Grapevines tolerate most soil types (except clays and shallow soils), and are vigorous growers benefiting from high light levels and good ventilation whether grown outdoors or in a greenhouse. Some varieties are perfectly suited to outdoor growth and are productive for wine-making at the same time (Look at the white grapes Solaris and Siegerrebe for example), others may not yield large crops in the North of England outdoors unless given plenty of shelter and sunshine - especially the reds.

The Romans introduced wine making to England,and winemaking continued down to the time of the Normans with more than 40 vineyards being mentioned in the Domesday Book. And, by the time that Henry VIII was crowned in 1509, 139 vineyards were recorded, 11 of which produced as Royal vineyards, dedicated to the monarchy. The advent of Phylloxera ruined the British crop, and wine making declined through the 19th century until WW1 when no commercial crops were left. It was not until 1936, that George Ordish planted vines in Wessex bringing about a voyage of rediscovery for English wines and wine making, since when, at least 500 commercial vineyards have sprung up all over the UK, as far North as Aberdeen, and with one of the most successful and award-winning (that being Ryedale Vineyards, Westow, North Yorkshire) only a few miles away from the RV Roger nursery.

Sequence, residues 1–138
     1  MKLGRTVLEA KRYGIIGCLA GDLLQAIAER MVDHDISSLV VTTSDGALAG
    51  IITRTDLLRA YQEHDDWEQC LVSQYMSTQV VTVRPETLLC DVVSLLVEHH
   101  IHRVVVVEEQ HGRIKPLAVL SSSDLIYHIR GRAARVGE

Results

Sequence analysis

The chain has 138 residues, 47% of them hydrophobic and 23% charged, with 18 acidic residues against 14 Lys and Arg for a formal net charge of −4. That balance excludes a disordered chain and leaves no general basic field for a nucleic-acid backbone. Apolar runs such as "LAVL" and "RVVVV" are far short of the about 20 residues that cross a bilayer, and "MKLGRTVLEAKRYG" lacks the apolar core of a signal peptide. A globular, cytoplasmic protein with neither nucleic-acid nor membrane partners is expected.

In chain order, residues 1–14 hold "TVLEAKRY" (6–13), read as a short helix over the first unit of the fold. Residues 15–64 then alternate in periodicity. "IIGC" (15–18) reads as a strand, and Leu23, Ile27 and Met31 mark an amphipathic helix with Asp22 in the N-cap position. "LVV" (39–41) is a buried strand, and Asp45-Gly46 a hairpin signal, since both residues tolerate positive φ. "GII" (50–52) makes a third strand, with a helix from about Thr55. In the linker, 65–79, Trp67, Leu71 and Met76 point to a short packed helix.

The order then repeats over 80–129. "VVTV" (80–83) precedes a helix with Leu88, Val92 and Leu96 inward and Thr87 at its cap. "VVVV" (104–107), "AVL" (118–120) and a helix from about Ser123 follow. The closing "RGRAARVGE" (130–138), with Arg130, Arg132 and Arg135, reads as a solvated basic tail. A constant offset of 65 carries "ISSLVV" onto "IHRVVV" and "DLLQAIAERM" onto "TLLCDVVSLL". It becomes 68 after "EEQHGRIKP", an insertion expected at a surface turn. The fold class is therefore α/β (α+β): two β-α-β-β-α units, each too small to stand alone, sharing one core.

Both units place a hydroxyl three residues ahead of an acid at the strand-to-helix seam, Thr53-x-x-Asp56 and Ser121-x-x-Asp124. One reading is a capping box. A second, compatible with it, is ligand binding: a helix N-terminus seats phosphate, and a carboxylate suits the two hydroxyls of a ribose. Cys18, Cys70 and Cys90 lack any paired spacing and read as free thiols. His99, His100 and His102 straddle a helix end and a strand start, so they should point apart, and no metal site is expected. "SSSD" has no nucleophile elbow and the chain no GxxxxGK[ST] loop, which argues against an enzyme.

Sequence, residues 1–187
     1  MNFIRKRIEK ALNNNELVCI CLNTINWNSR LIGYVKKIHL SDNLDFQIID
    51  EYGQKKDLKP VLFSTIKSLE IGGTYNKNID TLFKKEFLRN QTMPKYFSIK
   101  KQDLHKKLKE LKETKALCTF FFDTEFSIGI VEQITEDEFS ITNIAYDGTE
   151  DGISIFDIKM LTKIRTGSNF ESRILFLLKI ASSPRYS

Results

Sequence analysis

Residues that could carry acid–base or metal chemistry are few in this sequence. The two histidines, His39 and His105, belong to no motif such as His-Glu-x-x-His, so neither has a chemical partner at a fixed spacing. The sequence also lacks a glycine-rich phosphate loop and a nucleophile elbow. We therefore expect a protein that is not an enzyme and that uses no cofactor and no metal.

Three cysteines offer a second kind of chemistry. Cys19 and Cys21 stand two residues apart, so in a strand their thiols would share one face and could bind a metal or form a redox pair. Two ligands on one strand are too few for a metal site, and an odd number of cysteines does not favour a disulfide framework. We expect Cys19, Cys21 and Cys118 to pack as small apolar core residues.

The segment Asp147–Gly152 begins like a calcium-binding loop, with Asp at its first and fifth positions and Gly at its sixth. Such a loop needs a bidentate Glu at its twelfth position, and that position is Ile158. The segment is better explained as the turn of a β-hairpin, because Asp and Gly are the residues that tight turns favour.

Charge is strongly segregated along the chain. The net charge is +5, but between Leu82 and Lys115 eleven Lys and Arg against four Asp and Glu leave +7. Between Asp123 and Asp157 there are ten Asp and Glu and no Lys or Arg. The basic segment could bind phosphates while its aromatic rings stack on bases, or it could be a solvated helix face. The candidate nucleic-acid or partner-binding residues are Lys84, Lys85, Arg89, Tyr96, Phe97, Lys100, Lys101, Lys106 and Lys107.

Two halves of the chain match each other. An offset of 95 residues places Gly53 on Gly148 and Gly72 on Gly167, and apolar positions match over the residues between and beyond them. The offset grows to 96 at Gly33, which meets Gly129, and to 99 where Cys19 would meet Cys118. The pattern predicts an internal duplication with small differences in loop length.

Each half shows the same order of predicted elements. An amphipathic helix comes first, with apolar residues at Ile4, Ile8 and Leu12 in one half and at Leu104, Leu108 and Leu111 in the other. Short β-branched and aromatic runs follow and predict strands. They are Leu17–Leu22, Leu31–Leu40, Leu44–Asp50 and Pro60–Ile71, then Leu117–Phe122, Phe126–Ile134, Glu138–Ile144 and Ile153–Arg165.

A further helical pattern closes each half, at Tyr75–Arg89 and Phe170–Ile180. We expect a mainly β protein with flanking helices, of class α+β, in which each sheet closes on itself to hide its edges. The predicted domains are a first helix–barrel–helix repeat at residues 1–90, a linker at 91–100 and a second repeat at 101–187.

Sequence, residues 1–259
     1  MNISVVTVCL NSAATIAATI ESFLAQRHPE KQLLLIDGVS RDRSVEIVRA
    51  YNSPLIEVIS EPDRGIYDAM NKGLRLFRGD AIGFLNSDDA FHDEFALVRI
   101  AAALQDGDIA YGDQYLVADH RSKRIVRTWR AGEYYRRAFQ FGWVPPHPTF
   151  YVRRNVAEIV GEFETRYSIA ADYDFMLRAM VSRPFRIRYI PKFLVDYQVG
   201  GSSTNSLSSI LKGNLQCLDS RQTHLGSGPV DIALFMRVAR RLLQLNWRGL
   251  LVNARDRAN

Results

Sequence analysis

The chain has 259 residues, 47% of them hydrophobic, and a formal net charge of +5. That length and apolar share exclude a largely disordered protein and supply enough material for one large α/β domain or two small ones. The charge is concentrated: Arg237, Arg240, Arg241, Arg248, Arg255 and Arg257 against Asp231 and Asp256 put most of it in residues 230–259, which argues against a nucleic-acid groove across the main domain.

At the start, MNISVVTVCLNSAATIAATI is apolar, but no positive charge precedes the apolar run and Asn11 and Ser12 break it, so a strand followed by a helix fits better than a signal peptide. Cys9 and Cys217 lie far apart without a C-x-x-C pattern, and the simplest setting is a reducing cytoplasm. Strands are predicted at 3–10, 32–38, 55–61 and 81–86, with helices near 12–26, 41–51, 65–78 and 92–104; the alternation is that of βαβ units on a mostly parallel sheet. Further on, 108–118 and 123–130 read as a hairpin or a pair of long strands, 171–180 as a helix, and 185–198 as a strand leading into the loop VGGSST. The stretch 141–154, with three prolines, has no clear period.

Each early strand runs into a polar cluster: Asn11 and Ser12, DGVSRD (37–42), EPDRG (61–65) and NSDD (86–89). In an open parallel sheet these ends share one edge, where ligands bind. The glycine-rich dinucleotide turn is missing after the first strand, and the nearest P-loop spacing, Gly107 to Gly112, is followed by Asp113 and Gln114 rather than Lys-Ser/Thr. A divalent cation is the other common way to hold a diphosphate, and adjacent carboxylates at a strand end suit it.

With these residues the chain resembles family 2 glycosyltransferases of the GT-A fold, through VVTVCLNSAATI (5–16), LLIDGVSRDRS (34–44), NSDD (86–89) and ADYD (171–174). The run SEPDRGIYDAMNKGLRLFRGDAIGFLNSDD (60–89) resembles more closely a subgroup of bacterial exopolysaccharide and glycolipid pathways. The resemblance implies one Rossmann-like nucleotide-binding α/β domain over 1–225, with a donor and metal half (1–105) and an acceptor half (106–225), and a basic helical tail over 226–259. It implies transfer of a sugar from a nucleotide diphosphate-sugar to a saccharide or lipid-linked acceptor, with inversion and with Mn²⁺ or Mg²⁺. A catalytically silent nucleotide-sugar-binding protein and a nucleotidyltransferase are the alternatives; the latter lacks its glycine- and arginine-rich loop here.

Grape

<p><span>Grapevines tolerate most soil types (except clays and shallow soils), and are vigorous growers benefiting from high light levels and good ventilation whether grown outdoors or in a greenhouse. Some varieties are perfectly suited to outdoor growth and are productive for wine-making at the same time (Look at the white grapes Solaris and Siegerrebe for example), others may not yield large crops in the North of England outdoors unless given plenty of shelter and sunshine - especially the reds.</span><br /><br /><span>The Romans introduced wine making to England,and winemaking continued down to the time of the Normans with more than 40 vineyards being mentioned in the Domesday Book. And, by the time that Henry VIII was crowned in 1509, 139 vineyards were recorded, 11 of which produced as Royal vineyards, dedicated to the monarchy. The advent of Phylloxera ruined the British crop, and wine making declined through the 19th century until WW1 when no commercial crops were left. It was not until 1936, that George Ordish planted vines in Wessex bringing about a voyage of rediscovery for English wines and wine making, since when, at least 500 commercial vineyards have sprung up all over the UK, as far North as Aberdeen, and with one of the most successful and award-winning (that being Ryedale Vineyards, Westow, North Yorkshire) only a few miles away from the RV Roger nursery.</span></p>